In other words, we spend too much time asking what’s possible rather than what’s necessary. When courage is needed, pragmatism is the enemy. Or as the authors put it:
A pragmatic interdependency links many of these players in a cycle of low expectations and poor outcomes … It seems that everyone is waiting for someone else to break the cycle; but how can this be done? Part of the problem seems to be fear: those who are the first to move to a tougher position are worried about becoming isolated or losing credibility.
Or losing office. Or campaign contributions. Or a political appointment. Or the respect of more “pragmatic” colleagues.
One timid and time-tested approach might be called “incremental courage” — trying the minimum solution first and, if it fails, going to the next level of boldness. That approach won’t work anymore, Spratt and Sutton contend.
With global warming, we do not have the luxury of learning by trail and error. We have left the climate problem unattended for so long that we now have just one chance to get things right by applying a “no major trade-off” approach without a trial run. It will be a particular challenge for decision-makers, who have grown up in a political culture of compromise.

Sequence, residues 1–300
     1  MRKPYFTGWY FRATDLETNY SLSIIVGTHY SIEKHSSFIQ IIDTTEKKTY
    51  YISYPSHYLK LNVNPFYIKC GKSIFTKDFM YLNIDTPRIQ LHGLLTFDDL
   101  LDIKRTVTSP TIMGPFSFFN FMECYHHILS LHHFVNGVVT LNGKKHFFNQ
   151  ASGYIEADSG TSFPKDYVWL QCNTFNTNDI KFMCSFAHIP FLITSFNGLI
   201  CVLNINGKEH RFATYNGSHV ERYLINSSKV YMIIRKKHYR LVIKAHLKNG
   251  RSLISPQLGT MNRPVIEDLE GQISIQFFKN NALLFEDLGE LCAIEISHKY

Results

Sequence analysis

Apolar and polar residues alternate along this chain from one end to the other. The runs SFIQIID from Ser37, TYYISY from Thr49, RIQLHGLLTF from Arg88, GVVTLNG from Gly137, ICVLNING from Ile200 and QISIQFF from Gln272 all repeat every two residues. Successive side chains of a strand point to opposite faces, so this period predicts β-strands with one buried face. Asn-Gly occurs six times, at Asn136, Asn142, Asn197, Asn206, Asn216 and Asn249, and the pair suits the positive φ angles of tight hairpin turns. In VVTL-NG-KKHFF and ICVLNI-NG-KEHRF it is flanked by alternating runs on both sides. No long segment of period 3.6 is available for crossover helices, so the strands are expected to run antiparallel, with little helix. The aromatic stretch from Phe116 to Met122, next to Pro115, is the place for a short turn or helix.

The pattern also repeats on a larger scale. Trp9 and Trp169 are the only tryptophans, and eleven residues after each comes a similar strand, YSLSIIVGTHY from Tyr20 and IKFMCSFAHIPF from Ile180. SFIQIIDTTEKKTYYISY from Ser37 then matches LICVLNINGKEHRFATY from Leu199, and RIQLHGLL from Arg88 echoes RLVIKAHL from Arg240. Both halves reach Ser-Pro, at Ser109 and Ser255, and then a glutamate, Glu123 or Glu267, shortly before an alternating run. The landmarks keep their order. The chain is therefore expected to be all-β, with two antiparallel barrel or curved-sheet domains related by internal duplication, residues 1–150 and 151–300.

For those who have, in the past, downplayed the risks, changing position is now a matter of urgency, because what now needs to be done is not incrementally reasonable.
We’ve run out of time for a gradual retreat from denial. We can’t wait for another mega-disaster, then another, then another, to give increasingly deadly evidence that climate change is a clear and present danger, and to drive Americans to accept bold leadership from Washington. We need leaders who drive public opinion rather than being driven by it, who watch the road rather than the fuzz-buster.
Maybe the American people sense that. Maybe that’s why we’ve responded so strongly to Sen. Obama’s theme of change.
I’ve heard that there’s a plaque on the wall of Wal-Mart headquarters, inscribed with a quote from Sam Walton. It says: “Incrementalism is innovation’s worst enemy. We don’t want continuous improvement, we want radical change.”
Indeed we do.